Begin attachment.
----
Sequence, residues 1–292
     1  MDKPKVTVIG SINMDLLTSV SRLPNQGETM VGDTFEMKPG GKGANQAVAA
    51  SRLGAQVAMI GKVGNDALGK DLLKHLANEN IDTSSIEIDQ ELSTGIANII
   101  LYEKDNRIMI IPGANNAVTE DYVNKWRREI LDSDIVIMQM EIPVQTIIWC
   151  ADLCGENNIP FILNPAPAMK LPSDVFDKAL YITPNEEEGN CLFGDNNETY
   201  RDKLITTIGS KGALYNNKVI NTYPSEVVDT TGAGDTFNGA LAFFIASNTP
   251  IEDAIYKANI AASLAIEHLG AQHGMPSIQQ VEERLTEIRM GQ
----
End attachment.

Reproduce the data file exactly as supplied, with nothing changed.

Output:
Sequence, residues 1–292
     1  MDKPKVTVIG SINMDLLTSV SRLPNQGETM VGDTFEMKPG GKGANQAVAA
    51  SRLGAQVAMI GKVGNDALGK DLLKHLANEN IDTSSIEIDQ ELSTGIANII
   101  LYEKDNRIMI IPGANNAVTE DYVNKWRREI LDSDIVIMQM EIPVQTIIWC
   151  ADLCGENNIP FILNPAPAMK LPSDVFDKAL YITPNEEEGN CLFGDNNETY
   201  RDKLITTIGS KGALYNNKVI NTYPSEVVDT TGAGDTFNGA LAFFIASNTP
   251  IEDAIYKANI AASLAIEHLG AQHGMPSIQQ VEERLTEIRM GQ